Disney’s first standalone Star Wars film, Rogue One, has some issues. We noted in our review that some of the characters are flat, and the film’s first two acts feel disjointed. Filmmaker Dustin Lee had some of the same concerns, and decided to put together his own edit of the film: Rogue One: The Battle of Scarif.
Lee told The Verge that while he enjoyed Rogue One, he felt it was a fun movie with a great ending, but had some issues with the film: “It just didn’t feel right to open a Star Wars film without a text crawl,” and the music left him uninspired. So, he decided to edit his own version.
Lee did something similar with Peter Jackson’s Hobbit trilogy, cutting the three films down into a single film. His Rogue One edit cuts out most of the film and leaves a 50-minute action movie. Gone is Jyn Erso’s introduction, the attack on Jedha and Eadu. This edited version begins with the Rebel Alliance talking about disbanding, and then jumps right into the film’s final act: the battle on Scarif.
This film features a traditional scrolling text introduction in the beginning that each Star Wars movie has opened with, summarizing the events in the original cut that led up to the final act.
He was also let down by the music, finding the score lacking. “From what I’ve read, [Michael] Giacchino only had three to four weeks to write and record the entire score. He did an admirable job considering the time constraints, but the resulting score for Rogue One was uninspiring for the most part.”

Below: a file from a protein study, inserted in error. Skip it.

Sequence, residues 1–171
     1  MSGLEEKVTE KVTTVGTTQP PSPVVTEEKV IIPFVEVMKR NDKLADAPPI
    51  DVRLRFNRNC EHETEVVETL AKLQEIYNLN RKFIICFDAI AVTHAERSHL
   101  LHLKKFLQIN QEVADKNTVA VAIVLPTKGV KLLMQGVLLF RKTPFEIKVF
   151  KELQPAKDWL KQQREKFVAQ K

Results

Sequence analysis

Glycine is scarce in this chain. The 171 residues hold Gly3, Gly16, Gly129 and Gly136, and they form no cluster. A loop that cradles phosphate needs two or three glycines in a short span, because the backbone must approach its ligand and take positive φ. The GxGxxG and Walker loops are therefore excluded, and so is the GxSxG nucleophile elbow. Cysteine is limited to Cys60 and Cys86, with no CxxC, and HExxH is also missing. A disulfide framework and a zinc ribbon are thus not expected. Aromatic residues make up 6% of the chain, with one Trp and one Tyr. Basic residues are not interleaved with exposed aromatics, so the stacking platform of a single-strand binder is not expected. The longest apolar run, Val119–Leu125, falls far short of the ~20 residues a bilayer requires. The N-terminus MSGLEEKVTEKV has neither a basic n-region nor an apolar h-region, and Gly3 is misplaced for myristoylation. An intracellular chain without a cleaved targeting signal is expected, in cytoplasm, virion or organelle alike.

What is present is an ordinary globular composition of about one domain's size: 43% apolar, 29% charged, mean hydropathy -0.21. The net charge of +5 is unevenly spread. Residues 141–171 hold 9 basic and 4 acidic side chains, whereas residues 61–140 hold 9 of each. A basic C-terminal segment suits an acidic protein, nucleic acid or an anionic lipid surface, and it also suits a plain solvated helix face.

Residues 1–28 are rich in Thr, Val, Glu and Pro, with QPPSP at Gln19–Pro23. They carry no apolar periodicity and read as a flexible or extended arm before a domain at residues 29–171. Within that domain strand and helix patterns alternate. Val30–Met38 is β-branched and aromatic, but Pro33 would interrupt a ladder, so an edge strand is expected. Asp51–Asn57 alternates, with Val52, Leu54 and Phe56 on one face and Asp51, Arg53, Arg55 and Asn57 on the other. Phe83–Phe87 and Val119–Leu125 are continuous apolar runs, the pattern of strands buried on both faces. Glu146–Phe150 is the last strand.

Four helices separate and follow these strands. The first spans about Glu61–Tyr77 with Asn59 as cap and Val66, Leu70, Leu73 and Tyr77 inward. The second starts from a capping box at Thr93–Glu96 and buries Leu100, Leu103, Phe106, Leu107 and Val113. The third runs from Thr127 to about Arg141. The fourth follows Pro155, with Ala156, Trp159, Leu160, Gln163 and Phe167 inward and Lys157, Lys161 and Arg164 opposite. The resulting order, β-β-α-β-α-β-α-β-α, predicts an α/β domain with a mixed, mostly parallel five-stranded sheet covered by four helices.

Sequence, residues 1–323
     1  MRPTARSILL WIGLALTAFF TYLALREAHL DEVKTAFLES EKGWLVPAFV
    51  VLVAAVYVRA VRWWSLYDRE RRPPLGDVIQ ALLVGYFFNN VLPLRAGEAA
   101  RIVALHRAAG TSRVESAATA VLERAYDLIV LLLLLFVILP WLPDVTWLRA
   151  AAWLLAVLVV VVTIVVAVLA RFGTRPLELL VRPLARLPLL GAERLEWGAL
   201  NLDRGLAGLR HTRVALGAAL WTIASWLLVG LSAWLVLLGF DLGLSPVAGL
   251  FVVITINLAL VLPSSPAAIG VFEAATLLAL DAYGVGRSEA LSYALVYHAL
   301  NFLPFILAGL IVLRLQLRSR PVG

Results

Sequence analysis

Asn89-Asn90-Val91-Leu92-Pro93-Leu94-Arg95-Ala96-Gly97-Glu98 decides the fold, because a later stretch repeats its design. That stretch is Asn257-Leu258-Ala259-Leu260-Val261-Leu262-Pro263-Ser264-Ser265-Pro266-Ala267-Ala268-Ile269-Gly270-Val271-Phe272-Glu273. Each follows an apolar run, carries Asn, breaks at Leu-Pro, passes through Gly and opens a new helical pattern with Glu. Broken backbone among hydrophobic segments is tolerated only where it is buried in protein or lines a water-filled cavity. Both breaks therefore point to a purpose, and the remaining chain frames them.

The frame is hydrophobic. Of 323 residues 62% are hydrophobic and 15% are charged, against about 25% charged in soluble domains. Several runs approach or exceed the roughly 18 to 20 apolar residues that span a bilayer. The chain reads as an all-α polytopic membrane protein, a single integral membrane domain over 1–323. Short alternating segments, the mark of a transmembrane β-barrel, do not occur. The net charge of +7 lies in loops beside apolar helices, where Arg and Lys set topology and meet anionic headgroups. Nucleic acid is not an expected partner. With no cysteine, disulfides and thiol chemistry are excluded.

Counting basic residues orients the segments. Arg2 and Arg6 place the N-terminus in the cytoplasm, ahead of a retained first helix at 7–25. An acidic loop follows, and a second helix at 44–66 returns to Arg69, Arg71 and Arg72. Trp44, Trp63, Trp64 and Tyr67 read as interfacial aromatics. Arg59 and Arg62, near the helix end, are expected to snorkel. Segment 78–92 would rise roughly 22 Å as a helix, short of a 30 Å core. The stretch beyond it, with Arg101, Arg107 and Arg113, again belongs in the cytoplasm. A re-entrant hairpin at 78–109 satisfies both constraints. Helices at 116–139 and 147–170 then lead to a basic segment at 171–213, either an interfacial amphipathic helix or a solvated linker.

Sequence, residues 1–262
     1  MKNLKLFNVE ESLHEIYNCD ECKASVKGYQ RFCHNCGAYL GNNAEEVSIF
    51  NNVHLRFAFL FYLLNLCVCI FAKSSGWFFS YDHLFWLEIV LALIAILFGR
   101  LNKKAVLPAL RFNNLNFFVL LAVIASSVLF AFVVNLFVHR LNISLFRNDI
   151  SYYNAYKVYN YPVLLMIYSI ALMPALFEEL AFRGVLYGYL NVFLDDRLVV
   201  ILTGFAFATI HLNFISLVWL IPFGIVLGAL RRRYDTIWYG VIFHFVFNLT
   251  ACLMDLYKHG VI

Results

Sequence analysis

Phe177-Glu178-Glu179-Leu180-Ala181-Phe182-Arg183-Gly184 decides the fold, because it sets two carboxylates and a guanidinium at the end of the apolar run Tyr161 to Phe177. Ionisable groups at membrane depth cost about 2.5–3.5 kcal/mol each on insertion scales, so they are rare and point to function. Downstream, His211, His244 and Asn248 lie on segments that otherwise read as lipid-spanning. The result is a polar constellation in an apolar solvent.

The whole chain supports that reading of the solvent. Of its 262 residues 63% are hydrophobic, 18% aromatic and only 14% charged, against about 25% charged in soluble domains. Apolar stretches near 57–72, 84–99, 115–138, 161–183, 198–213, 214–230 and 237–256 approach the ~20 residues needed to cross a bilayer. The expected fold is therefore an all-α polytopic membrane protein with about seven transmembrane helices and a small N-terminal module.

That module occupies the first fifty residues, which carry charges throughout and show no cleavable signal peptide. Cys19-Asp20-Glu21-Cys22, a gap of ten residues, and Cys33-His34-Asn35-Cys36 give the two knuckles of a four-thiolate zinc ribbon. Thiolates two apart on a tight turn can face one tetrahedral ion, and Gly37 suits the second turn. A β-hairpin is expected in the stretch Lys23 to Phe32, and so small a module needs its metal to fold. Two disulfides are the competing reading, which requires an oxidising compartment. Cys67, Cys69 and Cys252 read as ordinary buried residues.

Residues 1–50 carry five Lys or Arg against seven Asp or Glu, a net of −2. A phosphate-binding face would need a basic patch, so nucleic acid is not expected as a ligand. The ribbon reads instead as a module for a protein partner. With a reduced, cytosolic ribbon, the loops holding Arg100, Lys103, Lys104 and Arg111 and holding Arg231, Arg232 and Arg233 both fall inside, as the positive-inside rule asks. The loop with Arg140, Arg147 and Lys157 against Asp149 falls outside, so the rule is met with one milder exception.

The reintroduction of John Williams’ classic score is the biggest change, and watching this fan edit, I’m astounded at how much Rogue One now feels as though it’s lacking. The classic cues perfectly supports the action, and they fill a huge emotional void that Giacchino’s just doesn’t cover. “When I dropped certain music tracks on top of scenes,” Lee explained, “it was surprising how little trimming I had to do at times. This makes me think the actual editors of Rogue One were cutting the film to these exact same tracks before Giacchino’s score was completed.”
Lee noted that he’ll take the film down if Disney asks, but he hopes that the company will regard the project in the spirit that it was designed: a fun project for the enjoyment of fellow Star Wars fans. “Fan edits do fall into a legal gray area, and there are reasonable Fair Use arguments for them in many cases. But ultimately they own the rights to the Star Wars universe, not me.”